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2009 State of the Market Report

Market Performance

Figure 32: Spinning and Supplemental Reserves Offers and Commitments 2009

7,000

Not Offered

6,000

Ltd. by Dispatch Level

Ancillary Service Capability (MW)

5,000

Spin Qty Derated

Greater than $20

4,000

Between $10 and $20

J FMAMJ J ASOND

J FMAMJ J ASOND

Spinning Reserve

Offline Supplemental

3,000

2,000

1,000

0

Between $5 and $10

Between $2 and $5

Between $1 and $2

Less than $1/MWh

Requirement / Amount Cleared

There were generally sufficient supplemental reserve offers at less than $1 per MWh to satisfy the supplemental reserve requirements, which explains why the clearing price for supplemental reserves averaged $0.51 per MWh. The figure also shows that a substantial amount of the supplemental reserves are not offered into the market. This amount grew from a low of about one third of the total capability in March 2009 to more than half of the capability later in the year.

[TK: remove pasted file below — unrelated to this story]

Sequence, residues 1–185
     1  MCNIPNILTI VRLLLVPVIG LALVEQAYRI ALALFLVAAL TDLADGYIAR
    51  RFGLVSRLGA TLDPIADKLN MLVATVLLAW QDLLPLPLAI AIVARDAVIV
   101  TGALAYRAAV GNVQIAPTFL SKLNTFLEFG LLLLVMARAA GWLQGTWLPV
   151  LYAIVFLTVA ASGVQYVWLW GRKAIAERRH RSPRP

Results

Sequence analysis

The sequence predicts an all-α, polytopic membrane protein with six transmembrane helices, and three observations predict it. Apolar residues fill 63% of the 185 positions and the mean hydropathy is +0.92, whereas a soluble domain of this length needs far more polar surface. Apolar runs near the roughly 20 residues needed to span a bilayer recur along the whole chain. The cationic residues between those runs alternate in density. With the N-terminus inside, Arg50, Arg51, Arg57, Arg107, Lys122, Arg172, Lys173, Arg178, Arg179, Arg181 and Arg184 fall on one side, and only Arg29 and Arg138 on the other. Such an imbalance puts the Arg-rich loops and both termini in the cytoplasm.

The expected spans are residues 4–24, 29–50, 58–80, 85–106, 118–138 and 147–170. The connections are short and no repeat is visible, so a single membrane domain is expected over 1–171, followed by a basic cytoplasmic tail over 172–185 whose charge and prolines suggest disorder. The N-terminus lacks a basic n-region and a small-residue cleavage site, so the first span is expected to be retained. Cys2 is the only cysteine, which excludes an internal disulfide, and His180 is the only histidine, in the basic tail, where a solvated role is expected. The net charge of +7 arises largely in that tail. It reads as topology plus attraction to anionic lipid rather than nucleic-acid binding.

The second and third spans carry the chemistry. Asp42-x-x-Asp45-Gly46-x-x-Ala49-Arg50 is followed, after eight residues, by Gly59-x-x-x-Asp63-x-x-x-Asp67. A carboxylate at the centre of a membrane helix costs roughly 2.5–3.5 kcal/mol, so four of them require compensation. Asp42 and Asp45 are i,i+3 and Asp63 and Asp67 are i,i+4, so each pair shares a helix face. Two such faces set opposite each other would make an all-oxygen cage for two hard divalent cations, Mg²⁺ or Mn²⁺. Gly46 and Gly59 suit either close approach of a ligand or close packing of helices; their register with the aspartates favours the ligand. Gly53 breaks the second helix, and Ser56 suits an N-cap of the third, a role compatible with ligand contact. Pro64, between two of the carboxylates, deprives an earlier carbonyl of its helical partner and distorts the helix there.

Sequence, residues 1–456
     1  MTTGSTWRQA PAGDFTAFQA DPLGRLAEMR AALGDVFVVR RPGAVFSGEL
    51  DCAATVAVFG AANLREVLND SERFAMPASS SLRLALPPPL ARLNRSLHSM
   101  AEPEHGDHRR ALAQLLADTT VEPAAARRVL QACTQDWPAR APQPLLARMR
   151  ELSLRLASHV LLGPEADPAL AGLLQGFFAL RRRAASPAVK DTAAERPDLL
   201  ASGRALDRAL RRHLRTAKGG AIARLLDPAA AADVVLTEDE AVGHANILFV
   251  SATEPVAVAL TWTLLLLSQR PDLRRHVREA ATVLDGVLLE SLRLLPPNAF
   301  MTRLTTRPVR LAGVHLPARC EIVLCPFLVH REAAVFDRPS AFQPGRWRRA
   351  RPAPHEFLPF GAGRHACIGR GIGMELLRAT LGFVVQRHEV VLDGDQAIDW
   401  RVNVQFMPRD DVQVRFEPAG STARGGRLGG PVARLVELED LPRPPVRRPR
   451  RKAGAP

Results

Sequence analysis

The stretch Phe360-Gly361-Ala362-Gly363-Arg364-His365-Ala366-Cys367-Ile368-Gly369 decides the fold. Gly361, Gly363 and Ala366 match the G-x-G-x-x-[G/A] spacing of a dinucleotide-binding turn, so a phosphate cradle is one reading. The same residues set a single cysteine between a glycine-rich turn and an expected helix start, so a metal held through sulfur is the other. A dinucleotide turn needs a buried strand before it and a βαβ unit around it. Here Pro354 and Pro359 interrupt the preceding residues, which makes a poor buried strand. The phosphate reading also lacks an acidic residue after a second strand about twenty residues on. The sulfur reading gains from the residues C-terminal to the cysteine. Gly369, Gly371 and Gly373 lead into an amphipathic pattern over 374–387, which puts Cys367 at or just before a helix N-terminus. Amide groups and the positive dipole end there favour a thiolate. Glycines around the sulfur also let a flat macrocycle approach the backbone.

We have been investigating this reduction in supplemental reserve offers. In general, the decrease in supplemental reserve offers occurred as concerns arose that some of the units holding supplemental reserves were unable to provide their energy within the required 10-minute timeframe when deployed. This reduction in offers contributed to the shortages in the August to October timeframe discussed above. Since no offline supplemental reserves can deploy with 100 percent reliability, it will be important to establish a guideline for suppliers to determine a minimum level of deployment reliability to justify offering their resources. Suppliers with resources that exceed the minimum level of expected deployment reliability may be deemed to

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